The following function generates a password using alternating friendly consonants and vowels , making for much more memorable passwords. Asking the function to generate a five-character password, for example, may result in BONES or LAMOT .

To use this function, call GeneratePassword , passing in the length of your desired password. The final password will be returned as a string:

 Public Function GeneratePassword(ByVal Length As Integer) As String      ' Creates a memorable password of the specified Length      Dim blnOnVowel As Boolean      Dim strTempLetter As String      Dim strPassword As String      Dim intCount As Integer      For intCount = 1 To Length          If blnOnVowel = False Then              ' Choose a nice consonant - no C, X, Z, or Q              strTempLetter = CType(Choose(CType(GetRandomNumber(1, 17), Double), _                   "B", "D", "F", "G", "H", "J", "K", "L", "M", _                   "N", "P", "R", "S", "T", "V", "W", "Y"), String)              ' Append it to the password string              strPassword += strTempLetter              ' Swich to vowel mode              blnOnVowel = True          Else              ' Choose a vowel              strTempLetter = CType(Choose(CType(GetRandomNumber(1, 5), Double), _                   "A", "E", "I", "O", "U"), String)              ' Append it to the password string              strPassword += strTempLetter              ' Switch back again, ready for next loop round              blnOnVowel = False          End If      Next      Return strPassword  End Function  Dim objRandom As New System.Random(CType((System.DateTime.Now.Ticks _      Mod System.Int32.MaxValue), Integer))  Public Function GetRandomNumber(Optional ByVal Low As Integer = 1, _      Optional ByVal High As Integer = 100) As Integer      ' Returns a random number,      ' between the optional Low and High parameters      Return objRandom.Next(Low, High + 1)  End Function 

You could use the GeneratePassword function as so (see Figure 7-8 for my sample application):

click to expand
Figure 7-8: Generating a memorable five-character password in just one click
 Dim MyPassword As String  MyPassword = GeneratePassword(5)  MessageBox.Show(MyPassword)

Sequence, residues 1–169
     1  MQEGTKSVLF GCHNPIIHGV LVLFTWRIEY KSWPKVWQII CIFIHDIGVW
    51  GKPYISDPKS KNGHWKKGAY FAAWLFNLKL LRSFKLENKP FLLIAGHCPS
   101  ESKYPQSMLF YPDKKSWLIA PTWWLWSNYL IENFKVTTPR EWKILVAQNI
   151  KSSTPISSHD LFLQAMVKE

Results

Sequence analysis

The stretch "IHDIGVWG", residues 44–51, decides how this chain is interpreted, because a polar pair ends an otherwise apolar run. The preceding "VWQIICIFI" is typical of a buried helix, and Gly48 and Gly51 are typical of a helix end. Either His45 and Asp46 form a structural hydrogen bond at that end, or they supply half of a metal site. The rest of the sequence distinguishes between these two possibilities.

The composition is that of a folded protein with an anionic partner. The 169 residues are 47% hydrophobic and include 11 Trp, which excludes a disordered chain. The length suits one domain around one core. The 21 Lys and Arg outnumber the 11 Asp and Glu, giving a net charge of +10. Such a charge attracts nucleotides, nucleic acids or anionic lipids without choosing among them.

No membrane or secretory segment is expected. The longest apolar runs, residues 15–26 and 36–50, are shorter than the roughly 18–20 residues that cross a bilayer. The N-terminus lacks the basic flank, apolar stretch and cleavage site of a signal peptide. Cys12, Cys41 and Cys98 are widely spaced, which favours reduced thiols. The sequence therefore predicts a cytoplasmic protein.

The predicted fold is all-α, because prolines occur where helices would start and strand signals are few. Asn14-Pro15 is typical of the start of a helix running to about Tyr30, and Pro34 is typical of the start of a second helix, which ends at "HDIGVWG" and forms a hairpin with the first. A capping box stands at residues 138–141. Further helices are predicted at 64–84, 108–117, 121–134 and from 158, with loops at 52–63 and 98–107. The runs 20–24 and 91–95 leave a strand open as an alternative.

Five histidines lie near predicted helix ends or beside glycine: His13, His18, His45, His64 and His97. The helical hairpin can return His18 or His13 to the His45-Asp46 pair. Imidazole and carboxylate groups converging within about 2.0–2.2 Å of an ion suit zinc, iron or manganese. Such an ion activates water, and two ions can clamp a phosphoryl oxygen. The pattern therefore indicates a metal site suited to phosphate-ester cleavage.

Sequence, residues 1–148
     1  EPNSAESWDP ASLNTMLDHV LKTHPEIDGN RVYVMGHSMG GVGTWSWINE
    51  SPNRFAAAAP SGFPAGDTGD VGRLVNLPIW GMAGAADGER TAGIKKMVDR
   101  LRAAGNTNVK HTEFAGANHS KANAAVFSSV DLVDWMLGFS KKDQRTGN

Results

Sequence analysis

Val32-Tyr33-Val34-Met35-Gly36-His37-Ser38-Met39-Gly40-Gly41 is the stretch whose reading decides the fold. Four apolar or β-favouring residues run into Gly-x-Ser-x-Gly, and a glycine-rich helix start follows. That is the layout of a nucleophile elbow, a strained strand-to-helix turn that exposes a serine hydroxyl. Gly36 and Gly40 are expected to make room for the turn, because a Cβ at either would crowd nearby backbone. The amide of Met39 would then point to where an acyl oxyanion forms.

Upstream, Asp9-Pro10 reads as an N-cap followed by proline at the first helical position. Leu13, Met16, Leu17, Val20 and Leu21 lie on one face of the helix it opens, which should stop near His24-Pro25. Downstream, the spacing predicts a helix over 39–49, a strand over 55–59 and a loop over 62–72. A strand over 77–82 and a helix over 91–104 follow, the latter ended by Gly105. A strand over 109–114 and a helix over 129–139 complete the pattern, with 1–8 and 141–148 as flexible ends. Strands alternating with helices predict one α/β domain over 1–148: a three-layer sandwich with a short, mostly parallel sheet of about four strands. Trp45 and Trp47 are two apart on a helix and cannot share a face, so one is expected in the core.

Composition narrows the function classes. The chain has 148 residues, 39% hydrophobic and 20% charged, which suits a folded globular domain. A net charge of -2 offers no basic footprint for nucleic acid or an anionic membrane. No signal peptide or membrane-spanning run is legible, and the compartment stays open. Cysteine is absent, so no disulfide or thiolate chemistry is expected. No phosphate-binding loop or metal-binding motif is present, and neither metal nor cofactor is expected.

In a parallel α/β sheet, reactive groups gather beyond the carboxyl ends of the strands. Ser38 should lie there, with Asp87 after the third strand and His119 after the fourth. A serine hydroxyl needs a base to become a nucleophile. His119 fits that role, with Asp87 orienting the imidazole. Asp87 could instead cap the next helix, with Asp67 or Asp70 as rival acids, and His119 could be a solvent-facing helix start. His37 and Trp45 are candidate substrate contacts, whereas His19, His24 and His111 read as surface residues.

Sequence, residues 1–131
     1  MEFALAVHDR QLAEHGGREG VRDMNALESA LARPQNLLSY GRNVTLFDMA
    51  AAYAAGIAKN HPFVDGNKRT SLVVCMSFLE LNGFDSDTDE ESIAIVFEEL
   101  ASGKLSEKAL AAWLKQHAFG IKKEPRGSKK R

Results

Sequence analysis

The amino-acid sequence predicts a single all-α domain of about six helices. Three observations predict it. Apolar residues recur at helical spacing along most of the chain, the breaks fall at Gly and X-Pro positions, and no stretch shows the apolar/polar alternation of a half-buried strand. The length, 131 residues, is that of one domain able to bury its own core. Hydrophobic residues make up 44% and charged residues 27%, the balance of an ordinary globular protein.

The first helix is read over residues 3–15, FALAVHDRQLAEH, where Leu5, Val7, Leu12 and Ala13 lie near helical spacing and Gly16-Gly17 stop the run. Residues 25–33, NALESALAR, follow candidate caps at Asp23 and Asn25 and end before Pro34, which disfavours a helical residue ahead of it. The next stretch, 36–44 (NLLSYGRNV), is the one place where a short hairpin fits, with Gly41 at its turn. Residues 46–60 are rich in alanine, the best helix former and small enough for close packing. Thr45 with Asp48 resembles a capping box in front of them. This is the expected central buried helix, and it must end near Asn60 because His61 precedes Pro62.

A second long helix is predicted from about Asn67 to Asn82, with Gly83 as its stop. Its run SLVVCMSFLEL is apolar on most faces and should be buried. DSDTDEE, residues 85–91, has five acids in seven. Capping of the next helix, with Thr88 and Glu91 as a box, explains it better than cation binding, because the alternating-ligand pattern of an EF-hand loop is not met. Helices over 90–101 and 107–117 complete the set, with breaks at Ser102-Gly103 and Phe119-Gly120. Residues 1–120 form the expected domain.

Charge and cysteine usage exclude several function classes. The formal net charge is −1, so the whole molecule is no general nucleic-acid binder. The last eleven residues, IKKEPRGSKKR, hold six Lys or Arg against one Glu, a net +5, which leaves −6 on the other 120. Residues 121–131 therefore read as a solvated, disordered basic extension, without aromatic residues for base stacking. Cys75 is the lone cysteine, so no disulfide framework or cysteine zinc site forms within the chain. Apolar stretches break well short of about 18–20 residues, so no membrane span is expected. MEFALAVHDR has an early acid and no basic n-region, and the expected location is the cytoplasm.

Encryption in Just Twelve Lines of Code!

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The files for this tip are in the Ch7 ”Simple Encryption folder.

At times, you may want to very simply encrypt a small piece of text to store in the registry, a database, or file, but you don t want the overhead or complexity of a government-standard encryption technique.

A much simpler encryption method is required, and the following function provides just that. It s called Crypt : pass it your plain text and it ll encrypt it; pass it your encrypted text and it ll decrypt it. It s simple and all in fewer than fifteen lines of code:

 Public Function SimpleCrypt(ByVal Text As String) As String      ' Encrypts/decrypts the passed string using a      ' simple ASCII value-swapping algorithm      Dim strTempChar As String, i As Integer      For i = 1 To Len(Text)          If Asc(Mid$(Text, i, 1)) < 128 Then              strTempChar = CType(Asc(Mid$(Text, i, 1)) + 128, String)          ElseIf Asc(Mid$(Text, i, 1)) > 128 Then              strTempChar = CType(Asc(Mid$(Text, i, 1)) - 128, String)          End If          Mid$(Text, i, 1) = Chr(CType(strTempChar, Integer))      Next i      Return Text  End Function 

It s not recommended for highly confidential information (as anyone with this script could also decrypt your data), but it s nonetheless highly useful. Here s how you might use this function (see my sample application in Figure 7-9):

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Figure 7-9: An example that uses our simple Crypt function to both encrypt and decrypt at once
 Dim MyText As String  ' Encrypt  MyText = "Karl Moore"  MyText = Crypt(MyText)  MessageBox.Show(MyText)  ' Decrypt  MyText = Crypt(MyText)  MessageBox.Show(MyText) 

Implementing Powerful MD5 Encryption

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The files for this tip are in the Ch7 ”MD5 folder.

So, simple encryption just isn t good enough for you, huh? Well, you may as well rocket straight to the top and check out the power of MD5 (Message Digest 5) encryption, a powerful data security algorithm used by many large organizations throughout the globe.

Pass data to the MD5 algorithm and it ll return a small fingerprint of the data. If the data changes, no matter how small the alteration, the fingerprint changes. This is one-way encryption: the fingerprint can t be turned back into the original data. You can only compare the fingerprint with the source data and see if they match.

For example, you may store password fingerprints ( message digests ) in a database password field. When the user logs on, you simply compare his or her typed password with the fingerprint using MD5: if they match, you grant the user access.

It s all ultra -secure: you aren t storing the actual password anywhere , only the fingerprint.

Sound powerful? The .NET Framework includes cryptography classes directly supporting the MD5 standard, and I ve created two functions to perform its two most common operations.

The first, GetMD5Hash , accepts your data as a simple string. It then calculates and passes back the MD5 fingerprint ”the message digest , the hash ”as an array of bytes ready for you to perhaps store in your database. Don t forget, this is one-way. Once something is encrypted, you can t decrypt it.

The second, CheckMD5Hash , accepts an array of bytes (your hash) and a string, such as the byte array from your database password field and the password that your user has entered. The string is then converted into a hash itself and the individual bytes compared, bit by bit. If it all matches, you ve got a winner ”and a True is returned.

Here s the code: